Dr. Syed Mohammad Yawar
“Few people have direct experience of court proceedings, and overall public understanding of the criminal justice system is limited. Most court sittings take place when many people are at work. Many people, therefore, currently base their views on how the system is portrayed on television, or in films. These dramatized accounts rarely portray what happens in court accurately. With the range of technology now available, it should be easier for people to access better information on court proceedings.” The Ministry of Justice in the UK,
Justice is the backbone of society. Without justice, society cannot survive. But the appearance of Justice is also necessary to the same extent. The society should not only get justice but must know that justice is done to the wrongdoers and the victims. Theorists like Rawls believe that Justice is necessary for fairness in the community. If justice is not achieved there would not be fairness in the society. Likewise, philosophers like Kant believed that the whole of the Moral structure of the society would collapse if the justice is not served.
Various organs of every civilized State work for the enhancement of justice. Courts and judiciaries work for justice. Legislatures legislate for justice. Executive enforces the laws for the sake of Justice. The appearance of justice is the expression of justice. The expression of justice comes from the advertisement and publication of the justice serving machinery. That machinery is primarily Judiciary in most of the modern States. Various modern Nations use modern techniques for the publication of Court Proceedings. Previously the only publication of the Court proceeding was in the form of print media publications of the Court Proceedings. Generally, in the earlier times, the news of the next day used to publish what has happened in the Court.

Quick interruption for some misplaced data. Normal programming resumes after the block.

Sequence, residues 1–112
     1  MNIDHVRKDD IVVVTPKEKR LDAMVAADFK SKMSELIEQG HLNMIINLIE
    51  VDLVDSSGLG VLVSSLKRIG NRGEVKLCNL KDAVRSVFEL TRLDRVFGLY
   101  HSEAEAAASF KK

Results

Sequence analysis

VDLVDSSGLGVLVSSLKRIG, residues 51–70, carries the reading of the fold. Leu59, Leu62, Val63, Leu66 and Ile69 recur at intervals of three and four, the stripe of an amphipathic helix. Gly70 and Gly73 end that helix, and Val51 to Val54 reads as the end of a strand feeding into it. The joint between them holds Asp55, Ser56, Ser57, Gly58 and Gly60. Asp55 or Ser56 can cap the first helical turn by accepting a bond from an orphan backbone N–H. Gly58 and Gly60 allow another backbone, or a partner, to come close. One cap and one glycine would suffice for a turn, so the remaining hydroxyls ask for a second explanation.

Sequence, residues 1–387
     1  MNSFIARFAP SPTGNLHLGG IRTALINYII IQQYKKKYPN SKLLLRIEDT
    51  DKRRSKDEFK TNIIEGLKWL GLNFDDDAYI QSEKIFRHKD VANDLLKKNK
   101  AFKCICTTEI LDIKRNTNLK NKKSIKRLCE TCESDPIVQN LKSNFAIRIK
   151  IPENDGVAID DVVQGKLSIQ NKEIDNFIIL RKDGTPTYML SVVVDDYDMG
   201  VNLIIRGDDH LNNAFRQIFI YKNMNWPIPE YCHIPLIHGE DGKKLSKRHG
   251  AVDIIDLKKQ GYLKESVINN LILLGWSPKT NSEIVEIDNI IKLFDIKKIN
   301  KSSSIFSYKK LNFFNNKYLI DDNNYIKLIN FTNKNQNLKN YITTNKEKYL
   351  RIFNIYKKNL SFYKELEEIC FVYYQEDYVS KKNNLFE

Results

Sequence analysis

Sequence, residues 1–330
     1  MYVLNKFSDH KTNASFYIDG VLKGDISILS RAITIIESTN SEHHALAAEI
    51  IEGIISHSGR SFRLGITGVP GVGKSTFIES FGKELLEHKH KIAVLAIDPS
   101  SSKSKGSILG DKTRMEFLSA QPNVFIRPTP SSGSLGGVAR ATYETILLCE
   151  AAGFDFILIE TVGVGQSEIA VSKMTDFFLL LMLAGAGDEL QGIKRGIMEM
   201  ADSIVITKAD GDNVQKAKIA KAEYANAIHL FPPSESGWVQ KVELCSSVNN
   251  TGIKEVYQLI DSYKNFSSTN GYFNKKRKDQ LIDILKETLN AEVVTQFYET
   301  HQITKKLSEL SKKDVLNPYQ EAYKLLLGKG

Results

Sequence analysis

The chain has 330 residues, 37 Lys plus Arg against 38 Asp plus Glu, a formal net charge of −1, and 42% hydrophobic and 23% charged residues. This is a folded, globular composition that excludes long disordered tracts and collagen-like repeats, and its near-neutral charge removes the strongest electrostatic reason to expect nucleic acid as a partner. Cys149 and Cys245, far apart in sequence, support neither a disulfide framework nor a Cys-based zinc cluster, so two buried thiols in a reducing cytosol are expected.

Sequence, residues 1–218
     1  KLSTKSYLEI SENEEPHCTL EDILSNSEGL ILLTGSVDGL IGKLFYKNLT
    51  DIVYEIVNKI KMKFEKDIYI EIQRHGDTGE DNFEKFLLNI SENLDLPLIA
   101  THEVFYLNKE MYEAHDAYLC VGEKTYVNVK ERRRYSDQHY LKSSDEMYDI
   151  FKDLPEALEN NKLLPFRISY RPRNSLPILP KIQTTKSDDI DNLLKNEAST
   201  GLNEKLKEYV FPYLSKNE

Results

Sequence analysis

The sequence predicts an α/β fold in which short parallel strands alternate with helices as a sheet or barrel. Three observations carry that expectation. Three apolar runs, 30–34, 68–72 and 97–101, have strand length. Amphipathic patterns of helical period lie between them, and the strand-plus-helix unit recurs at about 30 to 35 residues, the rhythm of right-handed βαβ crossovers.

With the advent of the modern day technology, Countries like the United States opted for the live telecast of the Court proceedings. Now a day’s most of the developed nations and other countries which have resources have already started the live streaming of the Court proceedings. The Supreme Court in the case of Swapnil Tripathi v Supreme Court of India quoted Jeremy Bentham who was himself an advocate of the Publication of the laws as saying,
“In the darkness of secrecy sinister interest, and evil in every shape, have full swing. Only in proportion as publicity has a place can any of the checks applicable to judicial injustice operate. Where there is no publicity there is no justice. Publicity is the very soul of justice. It is the keenest spur to exertion and surest of all guards against improbity. It keeps the Judge himself while trying under trial (in the sense that) the security of securities is publicity”
Justice as doorstep is the ultimate aim of the Judiciary of this Country. Justice should be served at the doorstep and should also be known by the society at large to be served as so. The demand for enforcement the Article 21 is more than the basic justice but with the modern trends, the publication of justice is also the demand of Article 21.